In December 2014 we upgraded our lightning network to the latest in sensor technology as used by the world's leading meteorological agencies. This has resulted in changes and improvements to the lightning data you will now see. The main changes are:
Distance and latitude/longitude coordinates are displayed when you mouse over the map. The origin for distance measuring is indicated by a red dot and defaults to either your location, if specified and in range, or the location of the radar/the centre of the map. The origin may be changed by clicking elsewhere on the map.
LocationBuckland Park Radar TypeMeteor 1500S S Band Typical Availability24 hours
Geographical Situation; The radar is located on the coastal plain 35 km north-northwest of the Adelaide city centre. The main topographic feature of the region is the Mount Lofty Ranges, running roughly north to south from Burra to Cape Jervis. Shallow rain showers or drizzle beyond the ranges, particularly to the east and southeast, can be obscured from the radar's view. Otherwise, coverage is only limited by the distance from the radar, and the curvature of the earth. Meteorological Aspects; Rain bearing weather systems usually approach Adelaide from the western half of the skyline, predominantly from the southwest through to the north. The Buckland Park radar is ideally situated to detect and track these systems. While the Mount Lofty Ranges may obscure the radar's view of shallow rain showers or drizzle on the eastern side of the Mount Lofty Ranges, heavy rain and thunderstorms in this area can be easily detected. Non-meteorological echoes; In most cases, processing of the radar signal removes permanent echoes caused by hills, buildings and other solid objects, but sometimes a few slip through. These show up as small, stationary patches of light rain, mostly along the higher ground of the Mount Lofty Ranges. Under stable atmospheric conditions, particularly when low level temperature inversions are present, anomalous propagation may cause patches of echoes to appear along the eastern coastline of Yorke Peninsula, southern Gulf St Vincent, parts of Kangaroo Island and Fleurieu Peninsula. When the seas in Gulf St Vincent are very rough, some sea clutter may be visible in the sector to the west and southwest, out to about 30 km. This sea clutter tends to remain in the same area and therefore can be distinguished from rain echoes, which generally move with the wind. On occasions, the moving blades of wind turbines at the wind farms near Edithburgh on Yorke Peninsula and Cape Jervis on southern Fleurieu Peninsula may also be detected as isolated, stationary echoes.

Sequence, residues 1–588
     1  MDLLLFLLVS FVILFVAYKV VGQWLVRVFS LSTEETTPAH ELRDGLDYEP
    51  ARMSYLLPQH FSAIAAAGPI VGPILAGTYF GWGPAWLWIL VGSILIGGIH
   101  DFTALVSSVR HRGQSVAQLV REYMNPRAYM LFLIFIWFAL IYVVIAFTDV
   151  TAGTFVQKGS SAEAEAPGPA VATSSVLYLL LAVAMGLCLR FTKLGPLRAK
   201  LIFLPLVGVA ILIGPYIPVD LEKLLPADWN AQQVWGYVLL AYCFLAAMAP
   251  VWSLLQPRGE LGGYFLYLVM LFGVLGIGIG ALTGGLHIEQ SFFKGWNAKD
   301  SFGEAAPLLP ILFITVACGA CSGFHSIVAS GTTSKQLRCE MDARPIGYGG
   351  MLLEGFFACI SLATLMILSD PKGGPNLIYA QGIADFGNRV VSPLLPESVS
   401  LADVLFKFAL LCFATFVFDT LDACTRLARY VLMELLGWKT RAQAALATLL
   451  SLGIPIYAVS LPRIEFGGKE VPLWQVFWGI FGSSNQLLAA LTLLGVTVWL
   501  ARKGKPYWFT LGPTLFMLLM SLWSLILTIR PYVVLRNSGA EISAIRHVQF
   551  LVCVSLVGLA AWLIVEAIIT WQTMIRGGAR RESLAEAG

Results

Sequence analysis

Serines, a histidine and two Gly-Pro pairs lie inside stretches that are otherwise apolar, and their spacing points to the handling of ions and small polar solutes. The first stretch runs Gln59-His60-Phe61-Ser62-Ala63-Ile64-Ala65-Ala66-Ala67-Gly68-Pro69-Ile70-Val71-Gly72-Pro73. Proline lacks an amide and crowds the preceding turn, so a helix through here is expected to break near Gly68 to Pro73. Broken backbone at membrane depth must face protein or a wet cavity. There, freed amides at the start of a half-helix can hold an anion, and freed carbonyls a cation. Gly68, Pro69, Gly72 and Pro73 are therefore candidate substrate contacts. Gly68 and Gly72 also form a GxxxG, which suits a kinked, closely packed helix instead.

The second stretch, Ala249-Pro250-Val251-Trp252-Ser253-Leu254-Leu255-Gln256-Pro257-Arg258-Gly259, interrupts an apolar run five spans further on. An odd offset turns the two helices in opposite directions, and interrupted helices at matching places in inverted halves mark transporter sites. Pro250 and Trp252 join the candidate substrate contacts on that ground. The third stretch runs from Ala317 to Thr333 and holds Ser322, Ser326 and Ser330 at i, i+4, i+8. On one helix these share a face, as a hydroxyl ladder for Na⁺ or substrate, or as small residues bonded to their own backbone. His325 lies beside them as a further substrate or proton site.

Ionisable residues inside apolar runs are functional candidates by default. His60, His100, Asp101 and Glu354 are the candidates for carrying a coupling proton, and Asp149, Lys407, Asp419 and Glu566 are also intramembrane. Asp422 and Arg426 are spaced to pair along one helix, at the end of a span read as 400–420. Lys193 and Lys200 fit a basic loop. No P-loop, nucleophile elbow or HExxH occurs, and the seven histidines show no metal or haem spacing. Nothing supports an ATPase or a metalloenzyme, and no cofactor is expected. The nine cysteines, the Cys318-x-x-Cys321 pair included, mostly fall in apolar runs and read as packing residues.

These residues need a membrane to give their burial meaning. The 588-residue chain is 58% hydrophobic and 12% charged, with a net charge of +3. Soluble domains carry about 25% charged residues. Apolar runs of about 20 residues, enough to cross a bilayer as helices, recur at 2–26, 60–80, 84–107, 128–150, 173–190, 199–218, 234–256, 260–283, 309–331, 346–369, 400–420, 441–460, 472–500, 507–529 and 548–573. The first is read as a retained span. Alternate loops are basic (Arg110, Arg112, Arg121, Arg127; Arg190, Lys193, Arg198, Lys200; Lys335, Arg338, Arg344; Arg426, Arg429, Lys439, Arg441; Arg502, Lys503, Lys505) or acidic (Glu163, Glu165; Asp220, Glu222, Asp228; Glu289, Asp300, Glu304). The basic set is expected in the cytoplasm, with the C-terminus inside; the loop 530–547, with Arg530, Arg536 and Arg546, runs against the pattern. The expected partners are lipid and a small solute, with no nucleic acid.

14:54 EDT New South Wales farmers are welcoming news that autumn rain could start to fall soon.